This week marks the beginning of a new phase in exercise programming for the Fitness Alchemists. As a fitness company, the choice of exercises in our workouts is central to who we are; it is quite literally what we do, and one of the main ways that we express what we believe to be important about training bodies to be strong. In an effort to "pull back the curtain", this blog is about why, what, and how these workouts are structured and organized, and what this means about our company.
Fitness is, on its face, about helping people achieve real, meaningful changes to their bodies, health, and capabilities. It's about improving weaknesses, functioning better, and living more richly. With that promise, fitness grabs our collective attention as an alluring and fulfilling goal, something worth investing real time, money, and focus.
As with any investment, we care about the results; in fact, the more we invest, the more we care. Of course, we care about the "return" on our investment--what has changed--but, because it's our sweat turning the crank, we also care how it feels getting there. So if we care so much, and have invested so deeply, shouldn't we also care about the tools we're using to get there?
We think so. Our bodies are incredible--amazing, shape-shifting, task-switching, adaptive machines--and will respond to nearly any stress that we're exposed to. However, making sure that response is the same change that we wanted in the first place (stronger, healthier, richer life) means three components must be treated carefully:
- Direction of progress must be clearly established. This means that the trainer(s) and trainee have agreed on what a successful return on their investment will look like, 6 months or more down the road. This is why we are adamant about bringing all of our trainees on board with a thorough 1-on-1 assessment, and why we meet 1-on-1 with clients throughout their training.
- Progress must be real. There's already plenty of bluster and fake-news in the world, and your sweaty, consistent effort need not add to it. Instead, let the cold, hard numbers of regular re-assessment do the talking, and relax knowing that your growth process is truly managed (and not just given lip-service).
- Progress doesn't happen in a vacuum. Real people, with real lives, must learn to expect the unexpected and plan to be surprised. Therefore, one sign of a smart training approach is that it takes unpredictability into account, and streamlines accordingly. While we might be inclined to try and "do it all" (in the gym or in our lives), a much better approach is to choose the most important components and commit to them.
We designed our new programming engine (it's an algorithmic web-app) to synthesize these demands.
This tool generates multi-month cycles of weekly workouts that judiciously allocates training time to the specific parameters we've defined (and that we've committed to assessing), while leaving space for the in-session, day-to-day flexibility required by our real-lives/real-bodies. Striking that balance is no small task. In fact, that balance is the thing that matters if you care about long-term, substantive change.
Speaking of change, the challenges that people face are not for lack of trying. Step into a gym anywhere in the world and there will be three kinds of people:
- People who are doing a bunch of random sh*t: These folks have achieved the first and most challenging task: showing up. Beyond that, they are rolling the dice on their investment. This group includes 75% of group-fitness class attendees, as well (as former group-class instructors, you can trust us on this one). This group has sometimes been been duped by the "you have to keep your body guessing" Workout Confusion Theory approach to training.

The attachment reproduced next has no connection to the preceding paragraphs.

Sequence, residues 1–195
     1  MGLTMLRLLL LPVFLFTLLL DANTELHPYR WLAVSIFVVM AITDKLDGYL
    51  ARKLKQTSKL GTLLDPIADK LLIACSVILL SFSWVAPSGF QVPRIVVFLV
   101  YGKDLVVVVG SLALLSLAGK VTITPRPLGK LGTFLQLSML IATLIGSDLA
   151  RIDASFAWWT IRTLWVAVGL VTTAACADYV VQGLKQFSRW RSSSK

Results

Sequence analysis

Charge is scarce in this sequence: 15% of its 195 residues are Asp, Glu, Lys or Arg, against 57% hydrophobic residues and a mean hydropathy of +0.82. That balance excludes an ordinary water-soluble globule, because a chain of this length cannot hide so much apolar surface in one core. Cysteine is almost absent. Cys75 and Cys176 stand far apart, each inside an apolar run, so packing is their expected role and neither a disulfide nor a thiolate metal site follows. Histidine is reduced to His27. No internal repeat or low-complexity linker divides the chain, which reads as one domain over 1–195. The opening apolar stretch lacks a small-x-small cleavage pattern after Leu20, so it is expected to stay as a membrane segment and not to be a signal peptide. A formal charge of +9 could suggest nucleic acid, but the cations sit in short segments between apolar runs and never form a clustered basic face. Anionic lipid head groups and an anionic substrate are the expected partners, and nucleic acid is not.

- People who are following a plan: These trainees have committed themselves to something longer-term, something progressive, something strict. Assuming that commitment is toward something that is meaningful for them (actually, a very difficult thing to measure/observe), the challenge with this approach is three-fold: motivation (executing this kind of plan, alone, takes a lot of will-power), flexibility (what if things don't go according to plan), and program drop-off ("Ok, I've finished the plan! ... What now?"). Just having a plan doesn't mean your progress is automatic.
- People who intuitively and continuously improve: These are usually the most-experienced trainees, people who have been around the block (and seen their share of dead-ends, injuries, and time-sucks). Three or four times a week, they show up, listen to their bodies, and push themselves (or hold back) accordingly. Through years of consistent training, they know what works and what doesn't, and like the Earth moves around the sun, they make progress.
We built our programming engine as a tool to help bridge the gaps between these three distinct groups. By combining the strict, quantifiable results of a plan (group 2) with a flexible, quality-focused approach (and expert coaching), we help those in group 1, who are a little lost in their fitness-lives* learn to train in the intuitive way of that compelling third group.
While the actual workouts may vary greatly from day-to-day (and won't feel much different from previous workouts to our current clients), they are now guided with precision to get right to the important stuff, as efficiently as possible.
So, here's our formula for success:
Like any tool, this new programming engine is only effective in the right hands. By combining the tuned-in, emotionally-intelligent coaching that The Fitness Alchemists are known for with a way of generating workouts that reflects what is actually important, we can be sure that clients are given their best chance to succeed. Letting the computer do the detailed work of balancing inputs and crafting schedules means that our coaches have more band-width and energy to help clients with that critical "doing it well" component.